Text: H.R.3088 — 111th Congress (2009-2010)All Bill Information (Except Text)

There is one version of the bill.

Text available as:

Shown Here:
Introduced in House (06/26/2009)


111th CONGRESS
1st Session
H. R. 3088

To require an automobile manufacturer that the Federal Government has an ownership interest in or that has an outstanding loan from the Federal Government to purchase liability insurance from an insurance company.


IN THE HOUSE OF REPRESENTATIVES
June 26, 2009

Mr. Carson of Indiana (for himself and Mr. Braley of Iowa) introduced the following bill; which was referred to the Committee on Financial Services


A BILL

To require an automobile manufacturer that the Federal Government has an ownership interest in or that has an outstanding loan from the Federal Government to purchase liability insurance from an insurance company.

Be it enacted by the Senate and House of Representatives of the United States of America in Congress assembled,

SECTION 1. Short title.

This Act may be cited as the “Jeremy Warriner Consumer Protection Act of 2009”.

SEC. 2. Findings.

The Congress finds the following:

(1) Product liability is an important legal mechanism to ensure that those who make products available to the public are held responsible for the injuries those products cause.

(2) American consumers have a legal right to obtain compensation for injuries caused by defectively designed or built cars.

(3) Under its purchase agreement, newly restructured Chrysler will not have product liability for millions of existing Chrysler vehicles currently on the road, potentially leaving hundreds of individuals and families uncompensated for injuries caused by vehicle defects.

(4) Under ongoing bankruptcy proceedings, General Motors is likely to sell its assets under similar terms to those of Chrysler, in this case leaving those who have been or might be injured by any of the tens of millions of existing General Motors vehicles with no effective legal recourse for product liability.

(5) There are more than 10 million Chrysler and 30 million General Motors vehicles currently on the road that are subject to safety recalls and, on average, there will be 500 to 1,000 serious auto injuries or fatalities in these vehicles every year.

(6) Taking away the legal right to seek compensation for injuries will result in no accountability for companies that put cars with defects on the market.

(7) Without compensation, many innocent victims will be left struggling to pay massive medical bills while potentially being unable to work. These health care and disability costs will be borne by State and Federal governments, at a time when they can least afford it.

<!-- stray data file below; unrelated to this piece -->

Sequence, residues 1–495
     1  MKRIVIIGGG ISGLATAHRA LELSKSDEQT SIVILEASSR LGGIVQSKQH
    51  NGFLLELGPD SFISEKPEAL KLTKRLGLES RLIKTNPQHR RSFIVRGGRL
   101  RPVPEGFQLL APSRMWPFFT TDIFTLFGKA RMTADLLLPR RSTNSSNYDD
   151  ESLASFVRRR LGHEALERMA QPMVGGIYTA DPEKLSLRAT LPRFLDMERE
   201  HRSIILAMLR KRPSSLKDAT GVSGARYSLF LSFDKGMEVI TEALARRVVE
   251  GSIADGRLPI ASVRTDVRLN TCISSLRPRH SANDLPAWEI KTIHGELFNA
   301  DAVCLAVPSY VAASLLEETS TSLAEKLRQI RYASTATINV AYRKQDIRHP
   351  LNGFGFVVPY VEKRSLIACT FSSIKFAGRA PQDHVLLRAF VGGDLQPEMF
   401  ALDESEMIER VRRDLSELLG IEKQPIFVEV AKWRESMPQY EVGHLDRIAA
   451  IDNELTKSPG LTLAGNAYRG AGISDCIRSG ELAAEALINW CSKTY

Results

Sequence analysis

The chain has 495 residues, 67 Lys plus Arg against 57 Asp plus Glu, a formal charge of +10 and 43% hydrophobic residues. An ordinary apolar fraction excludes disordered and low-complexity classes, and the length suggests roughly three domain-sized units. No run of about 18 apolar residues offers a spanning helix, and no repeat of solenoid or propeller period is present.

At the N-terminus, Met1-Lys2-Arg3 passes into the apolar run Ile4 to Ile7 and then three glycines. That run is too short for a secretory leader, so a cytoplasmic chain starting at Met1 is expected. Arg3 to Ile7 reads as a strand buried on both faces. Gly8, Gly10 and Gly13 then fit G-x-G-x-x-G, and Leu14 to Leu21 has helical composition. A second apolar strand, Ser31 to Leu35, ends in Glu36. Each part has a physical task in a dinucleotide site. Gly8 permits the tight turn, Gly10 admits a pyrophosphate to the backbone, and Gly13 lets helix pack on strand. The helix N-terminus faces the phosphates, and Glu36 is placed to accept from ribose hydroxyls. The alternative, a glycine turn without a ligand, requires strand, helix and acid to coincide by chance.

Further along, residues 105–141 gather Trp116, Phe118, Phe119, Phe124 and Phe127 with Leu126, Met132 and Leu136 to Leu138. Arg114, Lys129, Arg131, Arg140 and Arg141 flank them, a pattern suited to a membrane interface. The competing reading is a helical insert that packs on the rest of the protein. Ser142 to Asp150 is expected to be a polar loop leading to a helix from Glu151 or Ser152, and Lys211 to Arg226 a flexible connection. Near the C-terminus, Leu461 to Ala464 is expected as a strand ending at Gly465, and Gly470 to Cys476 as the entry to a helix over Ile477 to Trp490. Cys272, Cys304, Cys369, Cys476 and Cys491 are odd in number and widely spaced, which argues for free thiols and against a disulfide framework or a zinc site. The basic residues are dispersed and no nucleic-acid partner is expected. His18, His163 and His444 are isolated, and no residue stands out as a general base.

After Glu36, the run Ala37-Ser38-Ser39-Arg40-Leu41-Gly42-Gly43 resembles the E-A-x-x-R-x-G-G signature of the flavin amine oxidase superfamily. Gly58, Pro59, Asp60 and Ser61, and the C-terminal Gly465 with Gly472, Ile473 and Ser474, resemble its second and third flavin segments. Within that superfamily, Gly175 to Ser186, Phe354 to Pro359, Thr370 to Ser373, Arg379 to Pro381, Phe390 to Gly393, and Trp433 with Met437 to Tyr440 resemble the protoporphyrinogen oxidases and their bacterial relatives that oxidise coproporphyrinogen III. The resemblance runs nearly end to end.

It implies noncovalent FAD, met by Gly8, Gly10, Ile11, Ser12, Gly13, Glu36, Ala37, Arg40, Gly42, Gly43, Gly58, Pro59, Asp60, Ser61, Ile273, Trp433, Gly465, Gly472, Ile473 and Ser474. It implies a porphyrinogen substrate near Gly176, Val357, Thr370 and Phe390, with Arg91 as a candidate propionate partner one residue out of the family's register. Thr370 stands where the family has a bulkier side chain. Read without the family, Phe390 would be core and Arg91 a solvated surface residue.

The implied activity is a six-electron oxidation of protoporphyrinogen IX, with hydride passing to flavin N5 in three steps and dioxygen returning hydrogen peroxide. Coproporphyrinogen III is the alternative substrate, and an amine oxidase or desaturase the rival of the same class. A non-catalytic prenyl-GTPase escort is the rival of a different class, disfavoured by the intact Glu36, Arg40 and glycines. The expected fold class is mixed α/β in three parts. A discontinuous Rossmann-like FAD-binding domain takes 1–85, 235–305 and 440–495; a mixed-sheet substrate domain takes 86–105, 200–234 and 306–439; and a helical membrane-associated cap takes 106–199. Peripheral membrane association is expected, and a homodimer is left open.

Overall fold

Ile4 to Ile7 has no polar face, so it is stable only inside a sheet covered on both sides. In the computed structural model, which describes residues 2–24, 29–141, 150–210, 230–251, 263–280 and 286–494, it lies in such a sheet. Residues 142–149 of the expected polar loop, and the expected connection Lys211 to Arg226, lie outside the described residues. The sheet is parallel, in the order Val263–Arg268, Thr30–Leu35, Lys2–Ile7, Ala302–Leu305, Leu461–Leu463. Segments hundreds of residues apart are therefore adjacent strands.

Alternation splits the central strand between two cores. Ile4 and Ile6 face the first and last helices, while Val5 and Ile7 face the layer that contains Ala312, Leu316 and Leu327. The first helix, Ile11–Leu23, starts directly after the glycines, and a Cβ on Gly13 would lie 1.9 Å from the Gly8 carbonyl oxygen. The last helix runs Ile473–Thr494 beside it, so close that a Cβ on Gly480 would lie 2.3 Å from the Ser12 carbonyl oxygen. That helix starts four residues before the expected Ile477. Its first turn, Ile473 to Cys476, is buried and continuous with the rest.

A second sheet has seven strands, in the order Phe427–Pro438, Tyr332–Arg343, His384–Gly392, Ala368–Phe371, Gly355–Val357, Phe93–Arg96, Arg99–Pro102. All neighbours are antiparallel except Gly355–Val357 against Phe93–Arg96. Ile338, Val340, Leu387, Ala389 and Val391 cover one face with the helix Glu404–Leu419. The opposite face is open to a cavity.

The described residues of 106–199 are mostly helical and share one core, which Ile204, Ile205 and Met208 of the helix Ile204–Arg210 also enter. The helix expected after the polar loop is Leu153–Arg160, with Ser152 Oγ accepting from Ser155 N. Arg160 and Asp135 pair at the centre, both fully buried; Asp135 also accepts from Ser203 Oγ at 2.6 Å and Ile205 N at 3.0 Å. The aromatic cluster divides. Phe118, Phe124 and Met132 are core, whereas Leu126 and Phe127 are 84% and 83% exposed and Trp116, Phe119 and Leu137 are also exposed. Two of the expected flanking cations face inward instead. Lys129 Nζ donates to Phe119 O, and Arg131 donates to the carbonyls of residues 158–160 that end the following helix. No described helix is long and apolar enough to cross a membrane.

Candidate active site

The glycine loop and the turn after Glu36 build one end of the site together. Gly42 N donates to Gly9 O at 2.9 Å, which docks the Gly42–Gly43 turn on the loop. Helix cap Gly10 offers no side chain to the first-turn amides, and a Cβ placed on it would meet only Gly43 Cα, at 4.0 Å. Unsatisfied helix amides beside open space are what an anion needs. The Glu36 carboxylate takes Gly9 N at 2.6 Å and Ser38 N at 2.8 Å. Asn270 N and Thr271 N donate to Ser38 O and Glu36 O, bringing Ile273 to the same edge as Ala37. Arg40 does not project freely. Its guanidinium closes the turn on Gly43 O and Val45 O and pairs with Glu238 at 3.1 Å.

SEC. 3. Insurance requirement.

(a) In general.—Any automobile manufacturer that the Federal Government has an ownership interest in or that has an outstanding loan from the Federal Government shall purchase liability insurance from an insurance company.

(b) Insurance specifications.—

(1) IN GENERAL.—The liability insurance described under subsection (a) shall provide products liability coverage in sums that are actuarially reasonable for—

(A) all products that the manufacturer has marketed or sold in the United States;

(B) all products that any predecessor corporation of the manufacturer has marketed or sold in the United States; and

(C) all future products that the manufacturer markets or sells in the United States.

(2) SUCCESSOR ENTITY COVERAGE.—The liability insurance described under subsection (a) shall provide for the coverage of any successor entity of the manufacturer as an additional insured.

(3) SELF-RETENTION LIMITS.—The liability insurance described under subsection (a) may have self-retention limits, but such limits may not be greater than $200,000 per claim.

(c) No defense based on Bankruptcy.—If an automobile manufacturer described in subsection (a), or any successor entity, is a named insured under a liability insurance plan, any defense predicated upon Bankruptcy to a liability claim involving such plan shall be null and void.

(d) Rulemaking.—Not later than 90 days after the date of the enactment of this Act, the Administrator of the National Highway Traffic Safety Administration shall initiate a rulemaking proceeding to implement the insurance requirement under this section.

(e) Civil penalty.—The Administrator of the National Highway Traffic Safety Administration may impose a civil penalty against any automobile manufacturer for each violation of subsection (a) in an amount not to exceed 5 times the amount the Administrator determines it would have cost such manufacturer to purchase liability insurance described under subsection (a).